The nonpaying audience immediately knows what kind of production it is getting as it enters the Delacorte and is greeted by a backwoods combo, outfitted by costume designer Jane Greenwood in 1880s duds and playing twangy country-western tunes by Steve Martin (yes, that Steve Martin). It also takes in set designer John Lee Beatty's massive environment suggesting a fort on the outskirts of civilization. Sullivan has set the play in an American Southwest where the wild forces of nature are lurking just beyond the leafy bushes of Beatty's glade. When Rosalind and her friends flee the strictures of her uncle's court, the fort splits apart and we're in a giddy world exemplified by Martin's foot-stomping score. The inhabitants are brought to lusty life by a boisterous band of players who deliver zestful work. In a final wedding dance exuberantly choreographed by Mimi Lieber, they execute their simple clog-like steps like real country folk celebrating the joy of love and life at a rustic gathering, rather than actors delivering a precisely rehearsed production number.
At the conclusion of that dance, the production's shining Rosalind, Lily Rabe, signals to the crowd that she must catch her breath before she can deliver the epilogue. That small gesture is just of one of dozens that lend a crackling verisimilitude to her exciting performance. Rabe, quickly establishing herself as one of New York's outstanding stage actors, throws her whole body into Rosalind's passion for Orlando. Her face conducts a silent dialogue with him when her potential lover is tongue-tied, and her arms and legs swing and vibrate in gentle mockery as the jester Touchstone parodies the love poems Orlando has plastered over the Arden trees. It gives new meaning to the term "full-bodied."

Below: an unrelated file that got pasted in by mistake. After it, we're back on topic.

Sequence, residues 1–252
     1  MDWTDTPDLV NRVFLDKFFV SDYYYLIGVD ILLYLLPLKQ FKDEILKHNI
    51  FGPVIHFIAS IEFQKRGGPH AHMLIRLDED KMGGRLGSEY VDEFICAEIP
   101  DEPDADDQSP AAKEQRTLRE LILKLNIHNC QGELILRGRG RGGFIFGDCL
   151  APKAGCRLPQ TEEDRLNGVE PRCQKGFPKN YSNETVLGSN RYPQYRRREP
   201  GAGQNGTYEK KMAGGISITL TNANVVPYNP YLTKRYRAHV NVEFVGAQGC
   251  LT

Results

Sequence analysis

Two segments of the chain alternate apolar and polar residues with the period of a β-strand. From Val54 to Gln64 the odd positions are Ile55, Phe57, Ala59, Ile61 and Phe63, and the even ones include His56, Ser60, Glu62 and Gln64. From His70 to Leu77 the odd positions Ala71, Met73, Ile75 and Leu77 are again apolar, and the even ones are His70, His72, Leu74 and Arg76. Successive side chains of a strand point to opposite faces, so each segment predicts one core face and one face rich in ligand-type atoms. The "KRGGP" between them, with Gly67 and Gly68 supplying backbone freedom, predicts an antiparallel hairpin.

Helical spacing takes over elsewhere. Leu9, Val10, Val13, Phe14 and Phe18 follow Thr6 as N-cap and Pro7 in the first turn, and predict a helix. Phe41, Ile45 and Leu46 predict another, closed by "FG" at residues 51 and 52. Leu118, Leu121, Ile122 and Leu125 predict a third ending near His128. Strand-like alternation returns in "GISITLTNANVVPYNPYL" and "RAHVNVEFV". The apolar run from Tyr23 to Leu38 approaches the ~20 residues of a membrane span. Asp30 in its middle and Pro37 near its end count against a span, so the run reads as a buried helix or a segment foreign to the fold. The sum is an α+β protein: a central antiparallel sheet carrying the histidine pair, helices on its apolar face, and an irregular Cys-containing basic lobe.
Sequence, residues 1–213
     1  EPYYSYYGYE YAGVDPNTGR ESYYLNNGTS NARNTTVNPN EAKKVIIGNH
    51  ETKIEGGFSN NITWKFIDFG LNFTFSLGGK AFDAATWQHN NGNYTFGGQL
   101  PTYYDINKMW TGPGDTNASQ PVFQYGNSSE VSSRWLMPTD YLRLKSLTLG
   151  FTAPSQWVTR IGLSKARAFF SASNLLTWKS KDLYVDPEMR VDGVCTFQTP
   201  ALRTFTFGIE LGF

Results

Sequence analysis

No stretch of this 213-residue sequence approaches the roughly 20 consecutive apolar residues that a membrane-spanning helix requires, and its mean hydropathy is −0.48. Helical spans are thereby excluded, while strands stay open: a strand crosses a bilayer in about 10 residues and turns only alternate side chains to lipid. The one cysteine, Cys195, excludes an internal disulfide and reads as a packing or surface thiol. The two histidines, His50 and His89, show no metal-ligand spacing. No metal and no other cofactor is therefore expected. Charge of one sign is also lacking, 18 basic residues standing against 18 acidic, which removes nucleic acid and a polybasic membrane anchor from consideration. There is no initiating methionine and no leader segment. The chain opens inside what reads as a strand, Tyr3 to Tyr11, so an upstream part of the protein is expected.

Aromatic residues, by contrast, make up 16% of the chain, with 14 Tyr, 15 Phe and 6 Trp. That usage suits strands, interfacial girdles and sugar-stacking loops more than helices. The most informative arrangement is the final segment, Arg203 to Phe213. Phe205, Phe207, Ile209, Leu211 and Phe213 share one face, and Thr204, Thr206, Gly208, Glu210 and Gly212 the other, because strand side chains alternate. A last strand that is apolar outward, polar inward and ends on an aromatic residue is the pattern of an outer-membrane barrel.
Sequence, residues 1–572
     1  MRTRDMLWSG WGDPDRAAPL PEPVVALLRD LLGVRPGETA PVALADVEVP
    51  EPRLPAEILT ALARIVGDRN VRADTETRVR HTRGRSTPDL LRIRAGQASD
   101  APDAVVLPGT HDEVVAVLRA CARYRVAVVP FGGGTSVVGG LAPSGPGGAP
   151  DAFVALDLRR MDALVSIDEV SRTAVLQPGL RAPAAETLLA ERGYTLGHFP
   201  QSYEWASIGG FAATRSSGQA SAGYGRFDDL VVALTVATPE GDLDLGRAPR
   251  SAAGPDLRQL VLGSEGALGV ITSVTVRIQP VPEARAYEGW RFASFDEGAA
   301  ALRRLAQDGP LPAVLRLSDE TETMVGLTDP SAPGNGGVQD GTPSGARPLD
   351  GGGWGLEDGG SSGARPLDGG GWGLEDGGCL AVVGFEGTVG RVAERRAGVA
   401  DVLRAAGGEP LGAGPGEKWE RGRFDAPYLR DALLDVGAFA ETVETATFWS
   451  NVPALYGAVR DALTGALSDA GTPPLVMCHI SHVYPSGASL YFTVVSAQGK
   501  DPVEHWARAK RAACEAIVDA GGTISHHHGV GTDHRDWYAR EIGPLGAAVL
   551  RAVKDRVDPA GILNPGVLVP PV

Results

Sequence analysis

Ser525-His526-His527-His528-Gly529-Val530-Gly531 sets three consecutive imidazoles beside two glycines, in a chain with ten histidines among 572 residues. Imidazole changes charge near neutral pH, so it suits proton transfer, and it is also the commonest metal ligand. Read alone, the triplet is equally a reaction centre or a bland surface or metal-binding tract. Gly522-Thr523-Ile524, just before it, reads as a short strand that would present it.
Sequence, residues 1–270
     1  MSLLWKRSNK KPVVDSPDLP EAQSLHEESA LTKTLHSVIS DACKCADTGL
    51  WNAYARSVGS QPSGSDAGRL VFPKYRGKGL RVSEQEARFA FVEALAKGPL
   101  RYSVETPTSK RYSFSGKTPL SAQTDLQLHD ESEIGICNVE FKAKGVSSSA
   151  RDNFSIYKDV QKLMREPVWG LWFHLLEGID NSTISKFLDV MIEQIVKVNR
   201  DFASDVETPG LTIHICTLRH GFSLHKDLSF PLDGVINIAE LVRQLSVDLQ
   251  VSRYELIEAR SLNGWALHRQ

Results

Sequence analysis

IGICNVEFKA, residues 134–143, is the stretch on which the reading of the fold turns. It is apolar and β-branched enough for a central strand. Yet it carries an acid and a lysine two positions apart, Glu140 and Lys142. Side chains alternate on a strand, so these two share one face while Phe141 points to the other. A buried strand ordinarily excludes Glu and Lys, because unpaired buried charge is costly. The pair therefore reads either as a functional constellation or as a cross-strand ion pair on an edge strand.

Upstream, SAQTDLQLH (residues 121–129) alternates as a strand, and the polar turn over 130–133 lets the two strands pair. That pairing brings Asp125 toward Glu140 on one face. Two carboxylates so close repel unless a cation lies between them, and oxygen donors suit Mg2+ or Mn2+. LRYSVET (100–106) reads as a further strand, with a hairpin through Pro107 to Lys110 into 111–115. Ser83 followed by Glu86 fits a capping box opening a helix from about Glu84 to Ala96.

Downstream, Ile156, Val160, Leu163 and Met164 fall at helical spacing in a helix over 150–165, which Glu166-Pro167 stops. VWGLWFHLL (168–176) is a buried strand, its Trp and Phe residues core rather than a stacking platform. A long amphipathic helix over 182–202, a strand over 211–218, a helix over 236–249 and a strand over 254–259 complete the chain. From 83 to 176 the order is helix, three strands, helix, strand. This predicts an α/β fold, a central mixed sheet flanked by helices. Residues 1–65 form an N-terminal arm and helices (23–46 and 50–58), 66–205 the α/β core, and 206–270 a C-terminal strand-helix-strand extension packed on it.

The rest of the company is equally committed. David Furr captures the dual qualities of Orlando's native nobility and noble simplicity, and, in a double role, Andre Braugher embodies the bitter rage of Duke Frederick and the tenderness of his banished brother. Oliver Platt makes for a sardonic and jolly Touchstone, and Donna Lynne Champlin is a bawdy delight as his loose-hipped paramour Audrey. Stephen Spinella skillfully mines the melancholia of the philosopher Jaques, and Renee Elise Goldsberry keeps Celia, Rosalind's cousin, from being relegated to ignored "best-friend" status.
The real surprise of the evening is Will Rogers. Resembling a young Buddy Ebsen, Rogers is all elbows and knees as woebegone shepherd Silvius, awkwardly trailing after his sneering object of affection Phoebe (a sharp Susannah Flood) and endowing each sigh and stumble with delightfully doleful despair. It's a small gem of a performance in a glittering "As You Like It."
Presented by the Public Theater at the Delacorte Theater, Central Park (enter at Fifth Avenue and 79th Street or Central Park West and 81st Street), NYC. June 21–30. Schedule varies. (212) 967-7555 or www.publictheater.org.Casting by Jordan Thaler and Heidi Griffiths.